(or Yam HaGadol or Yam HaPilishtim). So the commentators say that Maimonides
sometimes calls the Mediterranean Sea "Yam HaMelach" [or Salt Sea] a name
usually used for the Dead Sea)

I think this does not make sense, Although maybe you could say he called the
Mediterranean Sea the Salt Sea to distinguish it from a freshwater lake, like
Lake Tiberias (also known as Yam Kinneret or the Sea of Galilee). But that
sounds strained. Especially since they say he only called the Mediterranean Sea
the "Yam HaMelach" some of the time.

Maybe the Rambam just had the location wrong? After all, techeiles was last
made some 500 years before him.

What are the different usages by the Rambam of Yam HaMelach?

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From: Chana Luntz <Ch...@Kolsassoon.org.uk>
Date: Thu, Aug 4,2022 at 10:17 AM
Subject: Sefer Bound Upside-Down

Immanuel Burton wrote [MJ 65#67)

> After given further thought to the matter, I have decided to place these items
> on my shelf the right way up for the content, having taken into account the
> advice of Rabbi Meir quoted in Pirkei Avot 4:27, "Do not look at the flask but
> at what is inside it".

Ah, you are following the position of Rabbi Elazar ben Azariya, the successor to
Rabban Gamliel (after Rabban Gamliel was deposed as Nasi see Brachot 28a) who
took away the security guard from the Beit Midrash [study hall], Whereas Rabban
Gamliel had previously decreed during his period as sole Nasi that "any student
whose inside is not like his outside (tocho k'baro) should not enter the Beit
Hamidrash". Here we have precisely a sefer whose tocho [inside] is not k'baro
[its outside] but instead of banishing it, you are happy to let it in to your
Beit Midrash.

regards

Chana

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From: Immanuel Burton <ibu...@policeboxes.com>
Date: Sun, Jul 31,2022 at 04:17 PM
Subject: Shabbat Candles and the Blessing.

When a woman lights Shabbat candles, she first lights the candles and then says
the blessing, even though a blessing on a mitzvah is usually said before the
mitzvah is performed. The reason for this is that she accepts Shabbat when she
says the blessing, and so can't light the candles after she has accepted
Shabbat. See, for example, Shulchan Aruch, Orach Chayim 263:5.

How does saying the blessing constitute acceptance of Shabbat? The blessing ends
with the words, "...to light the Sabbath light". Surely this indicates an
intention to light the lights, which, as it's something that's forbidden to do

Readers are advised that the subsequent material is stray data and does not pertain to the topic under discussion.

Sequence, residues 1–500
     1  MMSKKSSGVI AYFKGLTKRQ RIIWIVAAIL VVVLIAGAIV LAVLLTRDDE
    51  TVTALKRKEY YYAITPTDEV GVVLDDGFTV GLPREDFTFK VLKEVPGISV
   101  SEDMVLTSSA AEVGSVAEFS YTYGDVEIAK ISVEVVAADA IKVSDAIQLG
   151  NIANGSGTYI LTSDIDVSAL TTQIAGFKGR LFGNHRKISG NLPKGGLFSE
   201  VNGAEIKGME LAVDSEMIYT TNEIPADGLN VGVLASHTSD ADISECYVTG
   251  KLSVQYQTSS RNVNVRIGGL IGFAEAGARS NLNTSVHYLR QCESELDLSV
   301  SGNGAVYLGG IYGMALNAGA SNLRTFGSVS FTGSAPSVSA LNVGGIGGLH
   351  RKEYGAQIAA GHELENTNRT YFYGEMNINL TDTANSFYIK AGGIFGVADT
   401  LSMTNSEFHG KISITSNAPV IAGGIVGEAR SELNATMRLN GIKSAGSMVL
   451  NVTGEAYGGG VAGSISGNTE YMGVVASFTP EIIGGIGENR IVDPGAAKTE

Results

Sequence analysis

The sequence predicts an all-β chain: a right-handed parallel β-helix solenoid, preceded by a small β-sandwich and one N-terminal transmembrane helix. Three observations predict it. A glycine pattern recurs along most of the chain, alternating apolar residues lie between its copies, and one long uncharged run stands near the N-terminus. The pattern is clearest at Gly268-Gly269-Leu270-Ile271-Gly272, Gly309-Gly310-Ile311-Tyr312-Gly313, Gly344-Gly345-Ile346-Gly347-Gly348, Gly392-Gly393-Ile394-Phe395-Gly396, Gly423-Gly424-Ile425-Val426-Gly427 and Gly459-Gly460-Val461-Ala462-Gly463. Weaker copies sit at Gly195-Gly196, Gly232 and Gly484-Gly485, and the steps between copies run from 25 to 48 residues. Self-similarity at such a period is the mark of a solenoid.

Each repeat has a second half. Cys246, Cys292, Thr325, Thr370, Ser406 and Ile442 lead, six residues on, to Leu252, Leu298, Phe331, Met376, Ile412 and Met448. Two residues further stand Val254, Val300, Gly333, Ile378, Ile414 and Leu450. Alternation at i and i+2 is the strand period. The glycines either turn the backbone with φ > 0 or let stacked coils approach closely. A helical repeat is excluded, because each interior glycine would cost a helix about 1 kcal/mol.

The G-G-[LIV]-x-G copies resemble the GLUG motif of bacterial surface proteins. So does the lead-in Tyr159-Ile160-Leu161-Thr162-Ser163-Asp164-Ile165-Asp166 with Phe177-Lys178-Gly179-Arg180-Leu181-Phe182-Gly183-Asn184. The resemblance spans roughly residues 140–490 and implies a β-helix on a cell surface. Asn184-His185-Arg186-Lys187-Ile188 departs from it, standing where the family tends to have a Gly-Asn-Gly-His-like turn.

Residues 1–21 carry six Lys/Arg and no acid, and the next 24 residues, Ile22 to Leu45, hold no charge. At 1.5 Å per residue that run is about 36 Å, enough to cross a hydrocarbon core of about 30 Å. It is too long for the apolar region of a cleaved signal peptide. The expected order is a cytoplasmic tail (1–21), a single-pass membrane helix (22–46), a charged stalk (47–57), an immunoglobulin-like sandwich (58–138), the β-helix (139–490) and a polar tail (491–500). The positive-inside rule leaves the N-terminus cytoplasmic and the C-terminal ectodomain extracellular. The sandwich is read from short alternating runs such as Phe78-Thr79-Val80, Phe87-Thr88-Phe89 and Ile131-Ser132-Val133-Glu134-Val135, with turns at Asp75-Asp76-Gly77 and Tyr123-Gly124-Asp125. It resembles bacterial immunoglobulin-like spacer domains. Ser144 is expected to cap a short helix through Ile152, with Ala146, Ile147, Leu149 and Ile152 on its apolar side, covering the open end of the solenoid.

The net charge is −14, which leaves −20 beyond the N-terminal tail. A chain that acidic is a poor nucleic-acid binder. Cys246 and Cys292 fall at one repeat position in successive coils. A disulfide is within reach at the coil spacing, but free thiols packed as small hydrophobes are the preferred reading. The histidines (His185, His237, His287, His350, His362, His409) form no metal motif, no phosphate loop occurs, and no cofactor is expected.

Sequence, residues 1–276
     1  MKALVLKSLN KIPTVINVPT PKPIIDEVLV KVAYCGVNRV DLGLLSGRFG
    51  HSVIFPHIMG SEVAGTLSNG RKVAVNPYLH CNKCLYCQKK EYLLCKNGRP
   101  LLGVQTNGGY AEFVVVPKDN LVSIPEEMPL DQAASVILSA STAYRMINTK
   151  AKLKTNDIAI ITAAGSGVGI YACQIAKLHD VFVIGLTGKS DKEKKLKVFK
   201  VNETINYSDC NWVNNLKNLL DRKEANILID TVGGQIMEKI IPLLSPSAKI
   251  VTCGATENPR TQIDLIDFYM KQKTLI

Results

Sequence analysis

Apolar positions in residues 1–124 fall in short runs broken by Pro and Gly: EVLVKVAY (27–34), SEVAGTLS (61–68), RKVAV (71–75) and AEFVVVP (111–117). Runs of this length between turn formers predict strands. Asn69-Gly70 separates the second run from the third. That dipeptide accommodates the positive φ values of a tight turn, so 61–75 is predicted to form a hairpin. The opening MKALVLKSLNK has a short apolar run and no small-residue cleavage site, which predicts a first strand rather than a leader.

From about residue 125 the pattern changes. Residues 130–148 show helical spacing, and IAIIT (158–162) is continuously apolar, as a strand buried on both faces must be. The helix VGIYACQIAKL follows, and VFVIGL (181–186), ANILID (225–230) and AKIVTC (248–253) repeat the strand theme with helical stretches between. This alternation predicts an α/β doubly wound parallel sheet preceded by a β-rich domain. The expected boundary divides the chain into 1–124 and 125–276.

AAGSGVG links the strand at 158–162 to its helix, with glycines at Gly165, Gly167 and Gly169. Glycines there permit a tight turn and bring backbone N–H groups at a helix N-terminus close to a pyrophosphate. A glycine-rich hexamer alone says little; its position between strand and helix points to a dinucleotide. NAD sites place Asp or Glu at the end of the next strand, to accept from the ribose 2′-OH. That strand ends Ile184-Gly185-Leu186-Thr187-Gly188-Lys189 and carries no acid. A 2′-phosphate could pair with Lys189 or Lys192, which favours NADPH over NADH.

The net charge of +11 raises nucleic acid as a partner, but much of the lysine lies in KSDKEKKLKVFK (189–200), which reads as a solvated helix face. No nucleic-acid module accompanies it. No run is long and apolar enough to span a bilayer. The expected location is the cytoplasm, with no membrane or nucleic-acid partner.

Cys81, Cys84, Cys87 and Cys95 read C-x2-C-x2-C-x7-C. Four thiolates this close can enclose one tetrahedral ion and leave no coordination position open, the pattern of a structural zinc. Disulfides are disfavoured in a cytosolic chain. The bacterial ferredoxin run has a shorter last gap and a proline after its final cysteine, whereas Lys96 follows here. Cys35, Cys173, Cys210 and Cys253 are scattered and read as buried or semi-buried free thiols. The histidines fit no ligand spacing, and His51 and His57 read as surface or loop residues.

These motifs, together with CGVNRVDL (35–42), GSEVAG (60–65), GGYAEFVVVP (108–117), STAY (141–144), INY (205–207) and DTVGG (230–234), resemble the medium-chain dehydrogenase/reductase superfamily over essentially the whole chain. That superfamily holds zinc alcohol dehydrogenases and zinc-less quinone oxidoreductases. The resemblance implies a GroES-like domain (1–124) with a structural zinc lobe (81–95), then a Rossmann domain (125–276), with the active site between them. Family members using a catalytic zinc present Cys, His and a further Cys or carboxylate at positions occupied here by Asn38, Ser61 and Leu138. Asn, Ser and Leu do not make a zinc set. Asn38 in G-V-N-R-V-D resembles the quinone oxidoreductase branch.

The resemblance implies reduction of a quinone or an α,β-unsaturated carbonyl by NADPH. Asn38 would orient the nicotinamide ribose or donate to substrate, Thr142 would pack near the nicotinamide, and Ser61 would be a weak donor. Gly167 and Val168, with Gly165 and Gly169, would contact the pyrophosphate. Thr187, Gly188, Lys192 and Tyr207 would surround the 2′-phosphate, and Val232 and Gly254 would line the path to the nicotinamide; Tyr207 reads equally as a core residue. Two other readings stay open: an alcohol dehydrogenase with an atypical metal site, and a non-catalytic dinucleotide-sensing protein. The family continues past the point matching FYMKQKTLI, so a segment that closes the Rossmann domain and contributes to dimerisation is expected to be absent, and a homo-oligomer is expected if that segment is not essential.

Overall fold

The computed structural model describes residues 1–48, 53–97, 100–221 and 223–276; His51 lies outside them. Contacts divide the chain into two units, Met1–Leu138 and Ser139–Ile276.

on Shabbat, would mean that Shabbat is not being accepted at that point?

Secondly, if a man can say the blessing, then light the lights, and then accept
Shabbat later on, e.g. during the evening service, why can't a woman do this?

Immanuel Burton.

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From: Sammy Finkelman <sammy.f...@gmail.com>
Date: Fri, Aug 5,2022 at 06:17 PM
Subject: Three Oaths Midrash

This could have been an actual deal reached between the House of Hillel and the
Roman Emperor Antoninus Pius after the Bar Kochba revolt and later ratified
several times over with different Roman Emperors. For a while, every Roman
Emperor was also called Antoninus, just like they were all called Caesar and
Augustus. The one Rabbi Yehuda Hanasi was close to was Septimius Severus, (ruled
193-211) who came from the Carthage area, and thus spoke a language similar to
Hebrew)

There's a whole story as to how a more tolerant Roman Emperor succeeded after
Hadrian. Hadrian saw Marcus Aurelius and wanted to make him his successor. Since
Marcus Aurelius was much younger than Hadrian, he arranged for Marcus Aurelius's
uncle Antoninus Pius to adopt him, and himself adopted Antoninus Pius and
then died.

In those days many high born Romans did not have any children.

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From: Alan Rubin <al...@rubin.org.uk>
Date: Mon, Aug 1,2022 at 02:17 PM
Subject: Whiskey matured in sherry casks

As a Scotch drinker I prefer whisky to whiskey.

My answer to the suggestion that there is much more non-Kosher wine in whisky
than was previously thought is similar to the one that I have heard attributed
to Dayan Ehrentreu when this subject came up some years ago. Those who are
concerned about the kashrus of their whisky are welcome to send it to me.

On a more serious point I do not understand the figures. My rough calculation
of the volume of the wood in a barrel puts it at well under 15 litres. How can
this volume of wood hold 12 litres of wine?

Alan Rubin